TRACKING WOMEN'S HEALTH OVER TIME GIVES RESEARCHERS INSIGHTS INTO BETTER TREATMENTS, PREVENTION
Not long ago, little was known about how women experienced menopause and about how their health changed with age. The few studies that had been conducted involved relatively small numbers of only Caucasian women. In the 1990s, two landmark studies – the Women's Health Initiative (WHI) and the Study of Women's Health Across the Nation (SWAN) – changed that.
Thousands of Northern California women – and researchers at UC Davis – have played important roles in these two studies, which have led to changes in clinical practices as they continue to generate new findings.
More than 4,000 women in the Sacramento area have participated in WHI, which was established at 40 clinical centers across the nation to study cardiovascular disease, cancer and osteoporosis in postmenopausal women. Now, with 15 years of data from 162,000 women around the country, researchers can point to some valuable results.
"I think the most important thing we've learned is that the combination of estrogen and progesterone causes bad side effects – increased heart attacks, stroke, blood clots and breast cancer," says John Robbins, internal medicine professor and a principal investigator on the WHI study.
After the announcement of those findings in 2002, women's use of hormone replacement therapy dropped dramatically, followed by a drop in the incidence of breast cancer across the country. Robbins and others now hypothesize that estrogen may be a promoter of breast cancer.
As for cardiovascular disease, Robbins speculates that hormone replacement therapy can increase inflammation and the stickiness of platelets, causing blood vessels to become clogged. While some physicians previously prescribed female hormones to protect women from cardiovascular disease, guidelines now advise against that intervention.
A reservoir of data
WHI data still holds the potential for more answers. Because participating women provided DNA samples – and genome sequencing has become much more affordable – researchers are now searching for candidate genes that may be related to these common diseases.
In 2007, UC Davis was one of 12 institutions to receive a two-year contract to use the WHI data to study the genetic and biological markers of breast cancer, osteoporosis and cardiovascular disease. Robbins and his team have applied to renew the funding.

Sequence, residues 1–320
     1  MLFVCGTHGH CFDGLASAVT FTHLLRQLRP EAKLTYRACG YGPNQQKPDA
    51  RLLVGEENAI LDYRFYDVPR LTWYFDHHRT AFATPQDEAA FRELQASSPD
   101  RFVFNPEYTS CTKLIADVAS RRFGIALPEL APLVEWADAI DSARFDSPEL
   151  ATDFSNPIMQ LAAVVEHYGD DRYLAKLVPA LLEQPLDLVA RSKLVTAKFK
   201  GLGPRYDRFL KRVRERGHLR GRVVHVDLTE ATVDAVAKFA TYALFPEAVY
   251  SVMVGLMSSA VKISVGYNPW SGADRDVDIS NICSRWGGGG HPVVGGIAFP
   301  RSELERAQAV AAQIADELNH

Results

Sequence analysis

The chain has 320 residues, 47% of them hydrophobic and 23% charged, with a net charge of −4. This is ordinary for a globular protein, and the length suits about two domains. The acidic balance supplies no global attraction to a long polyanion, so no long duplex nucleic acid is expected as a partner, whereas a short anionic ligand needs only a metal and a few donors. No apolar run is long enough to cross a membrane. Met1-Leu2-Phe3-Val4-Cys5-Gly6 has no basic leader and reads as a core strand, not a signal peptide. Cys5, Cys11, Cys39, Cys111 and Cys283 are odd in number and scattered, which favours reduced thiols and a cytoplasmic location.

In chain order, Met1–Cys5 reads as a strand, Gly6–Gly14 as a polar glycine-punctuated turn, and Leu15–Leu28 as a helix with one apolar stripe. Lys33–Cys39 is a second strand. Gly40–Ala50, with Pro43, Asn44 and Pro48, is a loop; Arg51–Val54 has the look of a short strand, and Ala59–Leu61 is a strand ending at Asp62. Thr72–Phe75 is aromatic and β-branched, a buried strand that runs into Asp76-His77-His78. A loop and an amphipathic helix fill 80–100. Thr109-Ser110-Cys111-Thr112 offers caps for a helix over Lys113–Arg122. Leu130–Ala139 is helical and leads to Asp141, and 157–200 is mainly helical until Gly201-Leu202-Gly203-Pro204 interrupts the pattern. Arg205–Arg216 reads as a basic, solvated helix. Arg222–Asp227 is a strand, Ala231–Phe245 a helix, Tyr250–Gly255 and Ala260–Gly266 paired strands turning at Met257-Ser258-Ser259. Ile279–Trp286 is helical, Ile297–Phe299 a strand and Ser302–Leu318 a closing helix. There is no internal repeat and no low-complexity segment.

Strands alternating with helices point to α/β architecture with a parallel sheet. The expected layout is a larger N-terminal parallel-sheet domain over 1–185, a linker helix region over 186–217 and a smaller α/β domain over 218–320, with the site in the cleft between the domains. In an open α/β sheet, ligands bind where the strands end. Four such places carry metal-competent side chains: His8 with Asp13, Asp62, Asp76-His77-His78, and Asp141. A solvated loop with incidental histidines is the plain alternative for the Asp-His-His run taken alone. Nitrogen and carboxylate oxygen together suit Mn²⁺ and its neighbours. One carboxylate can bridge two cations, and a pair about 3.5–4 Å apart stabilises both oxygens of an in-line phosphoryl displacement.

"We can look at 1,000 women with and without a disease and see where their genes differ," explains Robbins. "When we find a candidate gene, a [genetically engineered] mouse can be created to see what goes wrong and work backward to see what the gene does. It's mind-boggling – it will be absolutely fascinating to see what comes out of these studies."
Calculating hip-fracture risk
Robbins suspects that genes play a big role in women's risk of hip fracture. Women of African ancestry have higher bone-mineral density, a different hip architecture and a much lower incidence of hip fracture.
"Hopefully, we will discover that there's some kind of over- or underproduction of something that is related to ancestry, such as a bone protein. If we can figure out what that is, then we could change it, perhaps by giving women a supplement."
In the meantime, Robbins and his colleagues used the WHI data to develop a useful algorithm for predicting the five-year risk of hip fracture in postmenopausal women.
The Hip Fracture Risk Calculator, as it's called, is based on 11 factors: age, self-reported health, weight, height, race/ethnicity, self-reported physical activity, history of hip fracture over age 54, parental hip fracture, current smoking, current corticoid steroid use, and treated diabetes. This online survey tool is designed to help patients and clinicians make informed choices about lifestyle and use of medications. See http://hipcalculator.fhcrc.org/ for more information.